Prevalence of burnout among healthcare professionals during the COVID-19 pandemic and associated factors – a scoping review
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Jagiellonian University Medical College, Kraków, Poland (Medical Faculty, Department of Sociology of Medicine, Epidemiology and Preventive Medicine Chair)
Jagiellonian University, Kraków, Poland (Faculty of Management and Social Communication, Institute of Applied Psychology)
University Hospital in Krakow, Kraków, Poland
Violetta Kijowska   

Jagiellonian University Medical College, Medical Faculty, Department of Sociology of Medicine, Epidemiology and Preventive Medicine Chair, Kopernika 7a, 31-034 Kraków, Poland
Online publication date: 2023-02-02
Int J Occup Med Environ Health 2023;36(1):21–58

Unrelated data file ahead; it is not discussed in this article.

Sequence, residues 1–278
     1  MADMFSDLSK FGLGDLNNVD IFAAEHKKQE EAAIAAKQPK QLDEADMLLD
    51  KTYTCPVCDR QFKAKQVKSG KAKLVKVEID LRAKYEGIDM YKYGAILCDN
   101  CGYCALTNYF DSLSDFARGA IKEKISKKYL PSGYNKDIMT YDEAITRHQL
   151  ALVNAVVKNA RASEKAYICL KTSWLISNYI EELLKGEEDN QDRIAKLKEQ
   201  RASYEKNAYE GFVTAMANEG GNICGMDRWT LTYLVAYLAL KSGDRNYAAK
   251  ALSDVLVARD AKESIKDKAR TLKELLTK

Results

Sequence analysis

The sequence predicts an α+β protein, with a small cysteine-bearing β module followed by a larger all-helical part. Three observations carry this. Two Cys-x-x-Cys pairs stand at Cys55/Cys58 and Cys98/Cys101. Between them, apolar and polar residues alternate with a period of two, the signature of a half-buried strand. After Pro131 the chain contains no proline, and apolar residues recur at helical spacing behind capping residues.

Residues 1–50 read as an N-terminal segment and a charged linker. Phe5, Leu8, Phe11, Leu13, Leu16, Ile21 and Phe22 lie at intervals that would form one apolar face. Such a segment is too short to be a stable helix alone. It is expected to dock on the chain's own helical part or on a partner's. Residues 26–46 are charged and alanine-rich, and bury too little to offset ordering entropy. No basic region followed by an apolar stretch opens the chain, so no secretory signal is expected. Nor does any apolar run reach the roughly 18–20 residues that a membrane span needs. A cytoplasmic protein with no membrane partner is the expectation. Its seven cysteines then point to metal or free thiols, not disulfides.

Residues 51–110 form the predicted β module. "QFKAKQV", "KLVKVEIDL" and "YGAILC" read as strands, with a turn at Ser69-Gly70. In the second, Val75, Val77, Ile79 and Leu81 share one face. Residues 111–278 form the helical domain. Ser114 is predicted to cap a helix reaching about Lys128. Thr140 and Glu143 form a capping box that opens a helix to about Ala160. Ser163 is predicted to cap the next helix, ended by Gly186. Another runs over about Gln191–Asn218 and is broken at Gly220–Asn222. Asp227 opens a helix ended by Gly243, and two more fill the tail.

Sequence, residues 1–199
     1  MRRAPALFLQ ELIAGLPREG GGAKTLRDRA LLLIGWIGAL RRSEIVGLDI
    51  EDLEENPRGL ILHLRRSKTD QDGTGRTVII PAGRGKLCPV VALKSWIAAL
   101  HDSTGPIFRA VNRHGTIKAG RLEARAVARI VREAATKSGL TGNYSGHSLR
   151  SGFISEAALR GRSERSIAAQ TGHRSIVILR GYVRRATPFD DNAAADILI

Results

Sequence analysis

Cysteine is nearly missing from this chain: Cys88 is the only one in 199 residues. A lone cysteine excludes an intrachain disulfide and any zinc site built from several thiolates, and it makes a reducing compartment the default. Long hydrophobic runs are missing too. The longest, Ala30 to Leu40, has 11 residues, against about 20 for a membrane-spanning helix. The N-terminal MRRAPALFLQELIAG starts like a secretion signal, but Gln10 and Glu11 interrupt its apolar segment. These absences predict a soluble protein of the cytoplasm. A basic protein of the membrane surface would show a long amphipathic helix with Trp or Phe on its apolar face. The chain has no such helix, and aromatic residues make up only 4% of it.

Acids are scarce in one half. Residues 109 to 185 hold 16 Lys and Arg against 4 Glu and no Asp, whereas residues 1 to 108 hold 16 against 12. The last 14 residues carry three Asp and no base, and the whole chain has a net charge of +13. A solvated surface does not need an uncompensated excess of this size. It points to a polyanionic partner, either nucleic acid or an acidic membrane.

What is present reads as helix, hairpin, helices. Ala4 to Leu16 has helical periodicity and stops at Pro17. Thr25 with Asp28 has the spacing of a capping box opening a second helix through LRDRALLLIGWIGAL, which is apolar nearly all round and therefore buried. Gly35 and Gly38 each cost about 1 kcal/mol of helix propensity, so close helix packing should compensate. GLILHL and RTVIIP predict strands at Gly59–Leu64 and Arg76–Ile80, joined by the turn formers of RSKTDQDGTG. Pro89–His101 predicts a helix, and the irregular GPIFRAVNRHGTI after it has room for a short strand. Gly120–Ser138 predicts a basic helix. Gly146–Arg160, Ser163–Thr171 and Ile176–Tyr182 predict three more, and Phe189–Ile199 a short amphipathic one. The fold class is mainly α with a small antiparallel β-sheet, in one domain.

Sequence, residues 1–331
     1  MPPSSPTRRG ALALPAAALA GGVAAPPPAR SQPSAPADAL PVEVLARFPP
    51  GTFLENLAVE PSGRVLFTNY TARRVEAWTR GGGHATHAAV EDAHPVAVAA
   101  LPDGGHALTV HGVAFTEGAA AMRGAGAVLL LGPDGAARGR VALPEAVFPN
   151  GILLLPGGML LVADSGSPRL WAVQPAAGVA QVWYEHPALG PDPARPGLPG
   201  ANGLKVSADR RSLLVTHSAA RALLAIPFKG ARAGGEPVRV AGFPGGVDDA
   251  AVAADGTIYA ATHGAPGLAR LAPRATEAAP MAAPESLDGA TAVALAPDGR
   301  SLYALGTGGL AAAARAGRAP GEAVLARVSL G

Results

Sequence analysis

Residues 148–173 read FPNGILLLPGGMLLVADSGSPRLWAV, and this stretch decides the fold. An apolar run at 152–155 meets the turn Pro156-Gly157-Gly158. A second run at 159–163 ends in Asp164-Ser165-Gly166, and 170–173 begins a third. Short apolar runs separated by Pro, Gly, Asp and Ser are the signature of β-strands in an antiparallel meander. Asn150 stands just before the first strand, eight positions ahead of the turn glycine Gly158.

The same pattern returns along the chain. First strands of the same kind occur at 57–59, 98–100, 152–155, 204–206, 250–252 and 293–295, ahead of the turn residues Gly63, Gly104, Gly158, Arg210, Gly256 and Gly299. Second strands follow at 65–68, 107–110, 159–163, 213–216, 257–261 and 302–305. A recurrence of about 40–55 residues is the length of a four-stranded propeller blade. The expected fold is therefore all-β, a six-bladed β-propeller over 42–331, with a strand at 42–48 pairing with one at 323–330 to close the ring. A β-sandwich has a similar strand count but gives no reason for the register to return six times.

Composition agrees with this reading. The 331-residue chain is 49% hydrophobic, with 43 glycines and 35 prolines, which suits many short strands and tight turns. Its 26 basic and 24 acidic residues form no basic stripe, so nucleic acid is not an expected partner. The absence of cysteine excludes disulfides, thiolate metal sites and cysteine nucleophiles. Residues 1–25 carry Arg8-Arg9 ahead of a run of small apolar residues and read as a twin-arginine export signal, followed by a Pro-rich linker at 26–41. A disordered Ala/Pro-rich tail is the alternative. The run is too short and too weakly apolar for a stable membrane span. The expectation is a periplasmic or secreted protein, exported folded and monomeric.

The outbreak of the COVID-19 pandemic exerted significant mental burden on healthcare workers (HCWs) operating in the frontline of the COVID-19 care as they experienced high levels of stress and burnout. The aim of this scoping review was to identify prevalence and factors associated with burnout among HCWs during the first year of the COVID-19 pandemic. A literature search was performed in PubMed, Web of Science, and CINAHL. Studies were selected based on the following inclusion criteria: cross-sectional, longitudinal, case-control, or qualitative analyses, published in peer-reviewed journals, between January 1, 2020 and February 28, 2021. Studies carried out on other occupations than healthcare workers or related to other pandemics than COVID-19 were excluded. Following the abstract screen, from 141 original papers identified, 69 articles were eventually selected. A large variation in the reported burnout prevalence among HCWs (4.3–90.4%) was observed. The main factors associated with increase/ decrease of burnout included: demographic characteristics (age, gender, education level, financial situation, family status, occupation), psychological condition (psychiatric diseases, stress, anxiety, depression, coping style), social factors (stigmatisation, family life), work organization (workload, working conditions, availability of staff and materials, support at work), and factors related with COVID-19 (fear of COVID-19, traumatic events, contact with patients with COVID-19, having been infected with COVID-19, infection of a colleague or a relative with COVID-19, higher number of deaths observed by nurses during the COVID-19 pandemic). The findings should be useful for policy makers and healthcare managers in developing programs preventing burnout during the current and future pandemics. Int J Occup Med Environ Health. Int J Occup Med Environ Health. 2023;36(1):21–58